Instructors and senior members

Kent Chapman pictured with Mr Ohshima at the end of sandan practice at the Shotokan Ohshima Dojo in 2009.

Kent Chapman, dojo leader, sandan.

Kent Chapman began practicing karate in 1971 at the BYU dojo and obtained his black belt in 1983, later progressing to the rank of sandan. He established the Salt Lake dojo in 1978 and in addition to teaching there, he as taught karate through Community Education to both children and adults classes and worked with law enforcement agencies to teach classes in personal safety and women's self defense.

Kent has also practiced a number of other martial arts including aikido, judo, jujitsu, iaido and tai chi. He enjoys studying oriental culture and philosophy, and the history of the martial arts.

Kent graduated from the University of Utah, School of Medicine as a physician assistant in 1985
and now works in emergency medicine.

Joe Ingham, sandan.

Joe Ingham is a truly unique individual. Born with cerebral palsy, he has overcome many obstacles and accomplished many outstanding achievements. He has been practicing karate since 1968 when he joined the BYU dojo. He successfully tested for shodan in 1976 and, with continued perseverance and determination, later achieved sandan.  Despite his physical limitations, Joe has excelled because of his determination to work harder and his refusal to compromise the standard of his practice. He participates fully in all karate practices and is a formidable opponent to face.

Joe is also a talented musician, particularly on the piano, and has a degree in Criminal Justice Administration.

Roger Smith, sandan.

Roger Smith began practicing karate in 1978. He attained shodan in 1988 progressing through nidan to sandan in 2007. He has been active working with the Boy Scouts and other youth groups.

A graduate of BYU, Roger operated his own business for many years installing counter tops. He now works for Delta Airlines.

Alun Thomas, sandan.

Alun Thomas first practiced karate with the SKA while working at the University of Washington for the academic year 1986-87,  having previously practiced with the Karate Union of Great Britain. He practiced with the SKA groups in Seattle and was one of the founding members of the UW Shotokan Karate dojo: he's the bearded white belt at the bottom right of the first photo on this page.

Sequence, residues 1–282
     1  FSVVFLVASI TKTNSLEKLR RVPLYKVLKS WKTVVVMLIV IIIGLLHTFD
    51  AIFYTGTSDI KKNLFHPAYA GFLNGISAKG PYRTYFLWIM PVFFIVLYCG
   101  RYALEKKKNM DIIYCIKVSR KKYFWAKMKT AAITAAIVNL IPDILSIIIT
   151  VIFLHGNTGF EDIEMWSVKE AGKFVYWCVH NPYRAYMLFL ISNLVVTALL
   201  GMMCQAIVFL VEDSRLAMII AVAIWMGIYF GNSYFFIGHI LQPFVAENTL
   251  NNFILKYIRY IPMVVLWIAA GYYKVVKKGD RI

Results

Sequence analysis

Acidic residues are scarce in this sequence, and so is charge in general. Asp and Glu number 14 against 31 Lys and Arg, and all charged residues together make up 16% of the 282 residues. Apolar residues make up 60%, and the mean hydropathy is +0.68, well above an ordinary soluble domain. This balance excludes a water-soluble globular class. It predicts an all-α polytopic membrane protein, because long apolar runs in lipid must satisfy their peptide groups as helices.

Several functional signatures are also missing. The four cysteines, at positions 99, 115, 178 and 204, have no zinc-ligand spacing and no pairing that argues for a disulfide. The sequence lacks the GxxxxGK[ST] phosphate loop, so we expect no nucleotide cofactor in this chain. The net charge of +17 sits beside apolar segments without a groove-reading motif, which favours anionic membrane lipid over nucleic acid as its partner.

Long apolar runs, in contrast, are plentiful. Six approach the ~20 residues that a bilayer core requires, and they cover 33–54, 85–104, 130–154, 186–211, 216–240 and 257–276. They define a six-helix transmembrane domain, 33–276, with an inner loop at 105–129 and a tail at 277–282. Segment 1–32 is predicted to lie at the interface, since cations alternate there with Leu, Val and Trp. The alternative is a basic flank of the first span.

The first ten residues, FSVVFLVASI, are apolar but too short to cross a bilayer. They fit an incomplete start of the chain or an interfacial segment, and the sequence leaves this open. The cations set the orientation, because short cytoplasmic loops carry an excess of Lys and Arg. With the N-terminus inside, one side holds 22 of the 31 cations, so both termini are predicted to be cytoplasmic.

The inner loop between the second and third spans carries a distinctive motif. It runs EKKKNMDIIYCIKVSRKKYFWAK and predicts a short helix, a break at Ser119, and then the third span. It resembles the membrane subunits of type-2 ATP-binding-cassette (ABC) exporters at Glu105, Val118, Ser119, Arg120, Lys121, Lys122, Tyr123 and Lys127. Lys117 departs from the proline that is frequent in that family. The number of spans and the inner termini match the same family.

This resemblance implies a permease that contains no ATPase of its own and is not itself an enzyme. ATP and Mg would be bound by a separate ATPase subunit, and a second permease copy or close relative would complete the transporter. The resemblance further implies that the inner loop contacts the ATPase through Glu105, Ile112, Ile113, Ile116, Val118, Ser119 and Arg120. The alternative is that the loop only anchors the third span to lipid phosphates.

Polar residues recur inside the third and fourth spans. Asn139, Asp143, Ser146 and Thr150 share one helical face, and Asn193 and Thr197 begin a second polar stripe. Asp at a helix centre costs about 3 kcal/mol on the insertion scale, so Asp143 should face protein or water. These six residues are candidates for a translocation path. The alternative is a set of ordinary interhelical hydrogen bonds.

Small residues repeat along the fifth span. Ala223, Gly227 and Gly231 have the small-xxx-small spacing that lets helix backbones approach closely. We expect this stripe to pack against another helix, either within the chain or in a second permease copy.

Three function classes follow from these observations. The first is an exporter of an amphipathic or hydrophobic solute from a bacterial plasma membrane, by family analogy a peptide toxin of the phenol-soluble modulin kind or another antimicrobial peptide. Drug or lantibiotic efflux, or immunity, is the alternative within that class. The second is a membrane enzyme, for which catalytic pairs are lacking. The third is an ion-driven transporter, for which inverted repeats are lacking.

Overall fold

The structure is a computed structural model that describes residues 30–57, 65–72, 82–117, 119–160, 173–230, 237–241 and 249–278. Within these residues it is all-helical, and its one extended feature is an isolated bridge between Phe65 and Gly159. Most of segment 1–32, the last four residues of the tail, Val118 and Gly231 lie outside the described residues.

He returned to the UK from 1987 to 1995 testing for KUGB/JKA shodan in 1990 and nidan in 1993. From 1995 to 2001 Alun practiced aikido in Salt Lake City
making nidan in 2000. He returned to practice with the SKA in 2002 testing for nidan in 2005 and sandan in 2008.

Alun is a professor in Genetic Epidemiology at the University of Utah.

"One of the things I most enjoy most about the SKA is the opportunity to meet and practice with new people all over the country and abroad. In the past couple of years I've been lucky enough to practice with new friends at the central dojo in Carpinteria and in Switzerland, Boston, and Amherst. I was especially delighted to find out that there is now a dojo in Pontypridd only 5 miles from my brother's home in Wales. And, of course, it's always great to return to Seattle and Vancouver."

Steve Howe, nidan.

Steve first started practicing karate with Kent Chapman and SKA when he moved to Salt Lake City in 1987-8. While he can't remember the year he attained shodan, he does remember that he made nidan in 2000, mostly because he herniated a disc in his back at kata practice the morning of the test.

Steve is a software engineer in the Department of Medical Informatics for Intermountain Healthcare in Salt Lake City.

Martin Schwarz, nidan.

Martin passed his nidan test in August 2011 at the final Cate School special training.

Emily House, nidan.

Emily‘s earliest memories are of watching her parents and uncles practice karate at BYU.  Her parents, Tom and Elaine Robertson House, met in 1972 at the BYU Shotokan Karate Club.  Elaine was one of the first women in the Shotokan Karate Organization in Utah.  Tom and Elaine desired to pass this art on to their children.  In 1984, at the age of 8, Emily started karate at the Boys & Girls Club in Provo, Utah, under the instruction of her uncle, Fred House and continued to practice with him until the time of his death in 1988, when the children’s class was dissolved.  She then joined her parents and practiced with the Provo Club and the Salt Lake City Shotokan Karate dojo.  

In 1990 Emily received her brown belt and began teaching children’s classes along side her mother.  They taught in their local community and at several centers of the Learning Tree Daycare.  They also taught women’s self defense classes to young women’s groups.  Emily’s mom was among her biggest supporters and always encouraged her to practice hard and be mentally strong.  Emily and her mother Elaine, were two of the few women practicing in the club and were able to practice together until Elaine died from cancer in January, 1999. 

In 1994, at the age of 18, Emily earned her black belt.  She presented Bassai at her black belt test as her favorite kata, to honor her first instructor Fred House.  It was Fred’s favorite kata. Emily lives in the Salt Lake area and has six children.

"Karate is one of the  most important askpects of my life and I'm very proud of my heritage and the seniors who have shaped my life."

Emily passed her nidan test in August 2011 at the final Cate School special training.

Joe Ingham making front punch at the Salt Lake dojo.

Roger Smith practicing kata at Ron Thom's dojo in November 2010

Alun Thomas at the end of Canada West summer 2010 special training in Vancouver.

Emily House pictured during a free sparing match.

Martin Schwarz making kata heian godan when he was a brown belt.